Friday, March 26, 2010

Devotional 260310

Dear brothers and sisters,

Good morning. Praise God for a beautiful day with plenty sunshine and fresh air. Those are precious free gifts without working hard to gain. We work so hard to earn what is man made, and neglect to enjoy what is God-made. The more stressful we are in earning the worldly things made by men, the less likely we will appreciate the natural and supernatural things of God. Prayer is one of those supernatural things that God has designed for us to enjoy but we always neglect or don’t even care…

St. Pius X said: “The Psalms teach mankind, especially those vowed to a life of worship, how God is to be praised.” Too much is at stake here – the maturity of the word of God, the integrity of pastoral ministry, the health of worship – to permit pastors to pick and choose a curriculum of prayer as they are more or less inclined. We can as well permit a physician to make up his medicines from the herbs and weeds in his backyard as allow a pastor to learn prayer from his or her own subjectivities. Prayer must not be fabricated out of emotional fragments or professional duties. Uninstructed and untrained, our prayers are something learned by tourists out of a foreign language phrase book: we give thanks at meals, repent of the grosser sins, bless the Rotary picnic, and ask for occasional guidance. Did we think prayer was merely a specialized and incidental language to get by on during those moments when we happened to pass through a few miles of religious country? But our entire lives are involved. We need fluency in the language of the country we live in. It is not enough merely to take notes on it for putting together the weekly report, which is a requirement of our job. We are required to be graduate students in this comprehensive grammar that provides all the parts of speech and complexities of syntax for ‘answering speech.”

Praying the Psalms, we find the fragments of soul and body, our own and all those with whom we have to do, spoken into adoration and love and faith. The Psalms, of course, are no special preserve of pastors. All who pray, Christians and Jews alike, find their praying “voice” in them – but for pastors, who are in a special place of responsibility to pray, for others and to teach them to pray, it is a carelessness of duty to be ignorant or negligent in them. St. Ambrose, using a different metaphor, called the Psalms “a sort of gymnasium for the use of all souls, a sort of stadium of virtue, where different sorts of exercise are set out before him, from which he can choose the best suited to train him to win his crown.”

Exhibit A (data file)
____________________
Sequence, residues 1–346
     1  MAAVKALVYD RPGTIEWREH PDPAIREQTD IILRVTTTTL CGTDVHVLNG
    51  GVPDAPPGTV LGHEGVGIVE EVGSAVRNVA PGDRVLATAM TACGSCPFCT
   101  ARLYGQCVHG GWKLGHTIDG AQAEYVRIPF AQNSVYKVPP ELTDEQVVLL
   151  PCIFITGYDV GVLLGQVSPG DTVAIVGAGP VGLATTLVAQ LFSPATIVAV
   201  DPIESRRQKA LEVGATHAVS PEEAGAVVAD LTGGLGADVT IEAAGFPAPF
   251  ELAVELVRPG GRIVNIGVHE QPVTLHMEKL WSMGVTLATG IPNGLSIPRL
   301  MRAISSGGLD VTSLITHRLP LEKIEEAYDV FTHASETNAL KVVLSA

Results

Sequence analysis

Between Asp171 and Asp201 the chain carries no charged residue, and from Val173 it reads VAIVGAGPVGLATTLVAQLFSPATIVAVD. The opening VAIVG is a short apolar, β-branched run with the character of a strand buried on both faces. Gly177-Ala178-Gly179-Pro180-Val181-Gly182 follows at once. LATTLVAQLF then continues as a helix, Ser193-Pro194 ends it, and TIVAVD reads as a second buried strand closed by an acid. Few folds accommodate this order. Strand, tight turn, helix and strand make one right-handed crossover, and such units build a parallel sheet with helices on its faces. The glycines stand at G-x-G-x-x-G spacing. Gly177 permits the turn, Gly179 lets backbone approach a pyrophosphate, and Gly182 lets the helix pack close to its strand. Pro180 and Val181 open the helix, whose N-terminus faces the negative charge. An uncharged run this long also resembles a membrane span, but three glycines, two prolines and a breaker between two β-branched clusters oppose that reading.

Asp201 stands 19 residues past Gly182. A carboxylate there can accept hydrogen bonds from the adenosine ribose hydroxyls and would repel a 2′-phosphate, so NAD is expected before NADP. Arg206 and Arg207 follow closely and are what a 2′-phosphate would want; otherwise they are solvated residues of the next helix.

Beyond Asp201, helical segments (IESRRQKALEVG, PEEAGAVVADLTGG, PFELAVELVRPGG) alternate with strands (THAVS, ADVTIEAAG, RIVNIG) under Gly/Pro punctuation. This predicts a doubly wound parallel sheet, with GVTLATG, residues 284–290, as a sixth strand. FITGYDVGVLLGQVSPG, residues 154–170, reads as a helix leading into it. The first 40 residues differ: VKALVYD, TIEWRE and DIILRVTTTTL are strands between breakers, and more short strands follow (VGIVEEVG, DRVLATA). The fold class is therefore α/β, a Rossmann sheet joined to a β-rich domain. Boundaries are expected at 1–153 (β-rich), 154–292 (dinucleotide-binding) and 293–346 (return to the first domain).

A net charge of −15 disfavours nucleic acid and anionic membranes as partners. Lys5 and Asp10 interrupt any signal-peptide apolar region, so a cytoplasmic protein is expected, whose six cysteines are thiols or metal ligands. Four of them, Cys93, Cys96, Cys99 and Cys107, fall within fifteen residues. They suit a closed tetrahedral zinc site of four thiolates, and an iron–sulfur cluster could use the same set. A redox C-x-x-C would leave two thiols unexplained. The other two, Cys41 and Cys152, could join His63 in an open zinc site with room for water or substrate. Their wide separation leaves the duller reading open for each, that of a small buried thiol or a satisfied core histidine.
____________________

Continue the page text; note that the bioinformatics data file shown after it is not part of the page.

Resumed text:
I totally agree with Eugene Peterson that we pastors are always invited to say a “little prayer” for meal or special occasion in church or in someone’s home. After a while, prayer becomes some kind of religious pronouncement preserved for clergy or religious leaders in church. It becomes like some religious practice than an intimate conversation with God; our prayer cannot be intimate if it is public and short. In another word, we expect prayer to be short and shallow. It is just a means to invoke spiritual blessings or protection for the unknown future – it becomes a superstition or spiritual manipulation. I hate to describe prayer in such a manner but unfortunately it is how prayer is being conceived in general.

To me, the practice of writing “prayer journal” can help to alter this kind of phenomenon. By spending time to pray with your pen or keyboard, you need to take time to think and write down what you heard and what you wanted to respond to God. Yes. It is time consuming. For contemporary busy people, prayer journal is the least thing they want to do. They prefer short and precise devotional reading like the Daily Bread (this devotional is definitely too LONG), so that they can finish their devotional ritual in less than 5 minutes, and then close with a "little" prayer. There is nothing wrong with Daily Bread, if it helps to “jump start” your meditation and prayer. But if Daily Bread is a means to give you a “security feeling” of being connected with God or paying your due for spiritual protection for the rest of your day, then it totally defeats the purpose of reading it.

Sweet hour of prayer describes an intimate communion with God. It is a time to draw close to your Almighty God and seek to know Him more each day. The more you know God, the more you are aware of His work in your lives and in your environment. The more you are aware of His work around you, the more you become focus in His purpose for you and your priority in life. God expects you to be faithful not only serving in church, but at home and in your workplace as well. Your life will be overwhelmed with joy and serenity as you spend time to pray…

Love you in responding to His purpose,


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